The Mississippi State volleyball team has come far enough to get to this point.
So head coach Julie Darty Dennis and the Bulldogs don’t mind going a little farther.
MSU learned Sunday night it had made the NCAA tournament for the first time. But Darty Dennis’ team is headed all the way to Seattle to play in a four-team regional pod hosted by No. 15 Washington.
It’s a draw that “geographically was not that desirable,” the fourth-year Bulldogs coach said.
Of course, she and her team will take it.
“I think we were a little bit surprised that we’re being sent that far,” Darty Dennis said. “But we’re in the tournament, and that’s all that matters, so we’re just really excited about the opportunity to start our postseason. If it takes a couple flights to get there, then so be it.”
Mississippi State (25-5, 16-2 Southeastern Conference) will take on Hawai’i (21-7, 18-2 Big West Conference) at 6 p.m. Friday at American Airlines Arena in Seattle. It’s the next step for a Bulldogs program that finished second in the SEC and closed the year on a 13-game win streak.
But now, Darty Dennis said, the Bulldogs are 0-0. It’s the postseason, and everyone has a clean slate.
“We’re not on a win streak anymore,” she said. “We’re just in a situation where it’s win or go home.”
Given that kind of pressure, perhaps it’s best for the Bulldogs they’re not at home. Darty Dennis said the stakes of hosting a regional would have been a lot for a young club, and she thought Mississippi State didn’t quite measure up.
“I don’t think we were in a position to host,” she said. “I think hosting would have been a lot of pressure for a first-time NCAA tournament team, so I think that going on the road was good for us.”
Mississippi State will face an experienced Hawai’i team Darty Dennis said is filled with “elite-level” players — but not the freak athletes the Bulldogs would see at a school like Florida or LSU.
Whatever the case, the Rainbow Wahine know how to get the job done. Hawai’i won 18 of its 20 Big West matches, including 10 straight before a loss to UC Santa Barbara to close the season.
“They’re not tremendous, athletic players who jump out of the gym; they’re just really good volleyball players,” Darty Dennis said. “They have a great coaching staff. They win a lot of games. They keep it simple. There’s nothing crazy or flashy about them; they just know how to play the game and know how to win.”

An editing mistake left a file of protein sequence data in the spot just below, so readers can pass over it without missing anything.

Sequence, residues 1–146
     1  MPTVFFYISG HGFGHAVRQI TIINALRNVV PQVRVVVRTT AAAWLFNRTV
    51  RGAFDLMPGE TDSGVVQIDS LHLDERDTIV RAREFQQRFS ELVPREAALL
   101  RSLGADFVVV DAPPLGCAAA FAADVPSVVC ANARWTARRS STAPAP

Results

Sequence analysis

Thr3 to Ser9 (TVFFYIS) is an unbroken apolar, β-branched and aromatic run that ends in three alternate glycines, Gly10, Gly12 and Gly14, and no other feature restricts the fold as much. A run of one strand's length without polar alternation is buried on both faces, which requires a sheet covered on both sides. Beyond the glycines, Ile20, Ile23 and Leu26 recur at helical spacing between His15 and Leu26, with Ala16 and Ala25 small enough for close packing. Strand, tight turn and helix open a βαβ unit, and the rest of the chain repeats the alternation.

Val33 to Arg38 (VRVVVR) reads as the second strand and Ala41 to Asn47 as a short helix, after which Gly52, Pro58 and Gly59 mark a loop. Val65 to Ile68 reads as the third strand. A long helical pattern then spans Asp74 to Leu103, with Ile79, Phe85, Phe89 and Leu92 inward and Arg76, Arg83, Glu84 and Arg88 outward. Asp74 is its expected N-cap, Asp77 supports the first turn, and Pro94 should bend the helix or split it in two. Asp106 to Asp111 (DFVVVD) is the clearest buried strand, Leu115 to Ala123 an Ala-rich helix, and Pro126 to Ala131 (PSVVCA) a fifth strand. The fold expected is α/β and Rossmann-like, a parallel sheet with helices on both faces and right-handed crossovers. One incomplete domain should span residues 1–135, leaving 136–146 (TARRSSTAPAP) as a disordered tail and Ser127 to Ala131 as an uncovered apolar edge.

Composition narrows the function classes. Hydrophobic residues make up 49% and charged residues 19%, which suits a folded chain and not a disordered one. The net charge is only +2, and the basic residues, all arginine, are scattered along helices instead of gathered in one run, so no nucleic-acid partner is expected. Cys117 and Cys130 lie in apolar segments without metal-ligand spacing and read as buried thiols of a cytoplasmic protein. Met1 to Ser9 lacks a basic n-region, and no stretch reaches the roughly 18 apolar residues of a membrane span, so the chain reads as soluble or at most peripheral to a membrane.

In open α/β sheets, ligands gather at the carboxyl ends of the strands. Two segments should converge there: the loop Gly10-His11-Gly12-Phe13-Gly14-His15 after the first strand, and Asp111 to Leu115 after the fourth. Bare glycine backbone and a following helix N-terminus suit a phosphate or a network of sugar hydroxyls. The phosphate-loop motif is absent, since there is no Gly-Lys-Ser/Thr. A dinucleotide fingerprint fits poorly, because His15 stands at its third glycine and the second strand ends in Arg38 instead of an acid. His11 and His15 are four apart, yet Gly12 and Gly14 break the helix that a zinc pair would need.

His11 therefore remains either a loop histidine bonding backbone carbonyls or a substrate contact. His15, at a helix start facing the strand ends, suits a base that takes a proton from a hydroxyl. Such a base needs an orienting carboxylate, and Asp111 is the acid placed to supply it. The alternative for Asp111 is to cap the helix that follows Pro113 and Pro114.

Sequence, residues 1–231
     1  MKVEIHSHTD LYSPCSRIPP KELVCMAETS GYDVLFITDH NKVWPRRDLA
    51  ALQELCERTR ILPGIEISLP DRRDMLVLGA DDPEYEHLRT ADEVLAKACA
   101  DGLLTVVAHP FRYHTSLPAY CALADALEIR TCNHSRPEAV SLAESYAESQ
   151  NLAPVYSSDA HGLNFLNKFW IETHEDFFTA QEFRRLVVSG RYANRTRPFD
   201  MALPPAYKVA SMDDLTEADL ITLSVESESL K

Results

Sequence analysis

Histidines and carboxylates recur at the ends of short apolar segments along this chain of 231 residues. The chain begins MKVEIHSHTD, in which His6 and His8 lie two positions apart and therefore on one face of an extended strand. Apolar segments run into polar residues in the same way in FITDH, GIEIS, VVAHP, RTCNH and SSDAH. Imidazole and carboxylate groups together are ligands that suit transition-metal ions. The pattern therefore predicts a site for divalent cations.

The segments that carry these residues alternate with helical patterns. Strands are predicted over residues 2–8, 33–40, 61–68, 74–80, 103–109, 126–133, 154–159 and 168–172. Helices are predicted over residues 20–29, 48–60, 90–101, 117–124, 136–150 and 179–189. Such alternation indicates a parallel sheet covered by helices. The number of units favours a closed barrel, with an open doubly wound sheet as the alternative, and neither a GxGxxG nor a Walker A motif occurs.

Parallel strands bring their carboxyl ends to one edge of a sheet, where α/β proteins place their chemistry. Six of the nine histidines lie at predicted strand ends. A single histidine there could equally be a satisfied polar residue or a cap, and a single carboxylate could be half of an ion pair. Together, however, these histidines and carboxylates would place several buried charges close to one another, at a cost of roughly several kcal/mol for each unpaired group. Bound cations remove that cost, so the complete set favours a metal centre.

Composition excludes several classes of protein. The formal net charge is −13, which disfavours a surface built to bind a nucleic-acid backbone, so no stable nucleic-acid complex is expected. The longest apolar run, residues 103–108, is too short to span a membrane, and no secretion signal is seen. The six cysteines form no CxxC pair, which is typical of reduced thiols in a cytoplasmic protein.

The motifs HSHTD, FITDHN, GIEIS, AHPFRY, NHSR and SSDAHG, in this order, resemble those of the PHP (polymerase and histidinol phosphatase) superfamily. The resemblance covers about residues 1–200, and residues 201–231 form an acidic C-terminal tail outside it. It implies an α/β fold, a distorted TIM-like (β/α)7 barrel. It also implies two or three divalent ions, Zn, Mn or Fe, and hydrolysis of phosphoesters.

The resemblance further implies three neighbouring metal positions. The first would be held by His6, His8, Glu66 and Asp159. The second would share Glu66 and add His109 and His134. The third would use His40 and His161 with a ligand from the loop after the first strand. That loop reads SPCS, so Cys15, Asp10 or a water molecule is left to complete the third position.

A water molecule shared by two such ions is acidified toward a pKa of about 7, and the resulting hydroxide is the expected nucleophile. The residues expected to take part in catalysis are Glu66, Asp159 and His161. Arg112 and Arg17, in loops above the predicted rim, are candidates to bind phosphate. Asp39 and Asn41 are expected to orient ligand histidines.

The Bulldogs finally can say the same after several years of struggles melted away amid an impressive run. They’ve won more games this season (25) than in the past three combined under Darty Dennis (23); in her first season, Mississippi State went 1-17 in conference play.
Only two players — Gabby Waden and Deja Robinson — remain from that team, and they help their coach remind the Bulldogs’ younger players of the team’s not-so-ancient history.
“We joke with our freshmen who think that winning is just super easy and you’re going to get 16 wins in any SEC season,” Darty Dennis said. “It’s really not that easy.”
The former head coach at Jacksonville didn’t think it would be when she took the job in Starkville against the advice of several sitting SEC coaches. They warned her about the Bulldogs’ lack of success historically and said she might sink her career in Starkville.
Darty Dennis knew the risks. She couldn’t pass them up.
“I knew this was a risk, and I knew this was going to be really hard,” she said. “I’d have to be patient with the journey. … It’s one of those things where if I didn’t take the risk, I think I would have regretted it for the rest of my life.”
As the years progressed, her goals changed. Darty Dennis wanted her team to be relevant in the state. Then regionally. Then nationally.
Consider that a success. Mississippi State’s 13-game hot stretch is the sixth-longest active streak in the nation and the longest in the SEC.
Not bad for a Bulldogs team lacking a true star player. Darty Dennis acknowledged opponents typically key in on right-side hitter Gabby Waden, but Mississippi State has other strong players, including libero Lilly Gunter, setter Margaret Dean and a “pint-sized powerhouse” in 5-foot-9 outside hitter Shania Cromartie.
Darty Dennis didn’t see this year’s group having so much success so abruptly. The Bulldogs set modest goals before the season: 10 conference wins and an eighth-to-10th-place finish in the SEC.
But Mississippi State’s performance in its opening SEC series at Florida set expectations even higher. The Bulldogs forced a fifth set in a loss Sept. 23, their 53rd consecutive defeat to the Gators; the next day, though, MSU beat Florida in five sets.
MSU hasn’t lost since an Oct. 6 defeat at eventual conference champion Kentucky, and the Bulldogs broke into the AVCA top 25 rankings for the first time. On Sunday, Darty Dennis was named SEC coach of the year.
That night, the Bulldogs piled inside the Bob Tyler Recruiting Lounge at Davis Wade Stadium to watch the NCAA tournament selection show. Darty Dennis wanted an intimate, team-only gathering for what she knew would be an emotional moment.
“As much as we wanted to open it up to our fans and our family and our friends, I think it needed to be kind of a team thing since we’ve been through so much together,” she said.
With ESPN cameras in the room, the Bulldogs chatted amicably with other teams before the selection show. Then they waited. And waited.
Finally, in the bottom half of the final quadrant, Mississippi State’s name was called. Only four more teams remained, but the Bulldogs wouldn’t have heard them.
The cheers filling the room were much too loud.
Theo DeRosa reports on Mississippi State sports for The Dispatch. Follow him on Twitter at @Theo_DeRosa.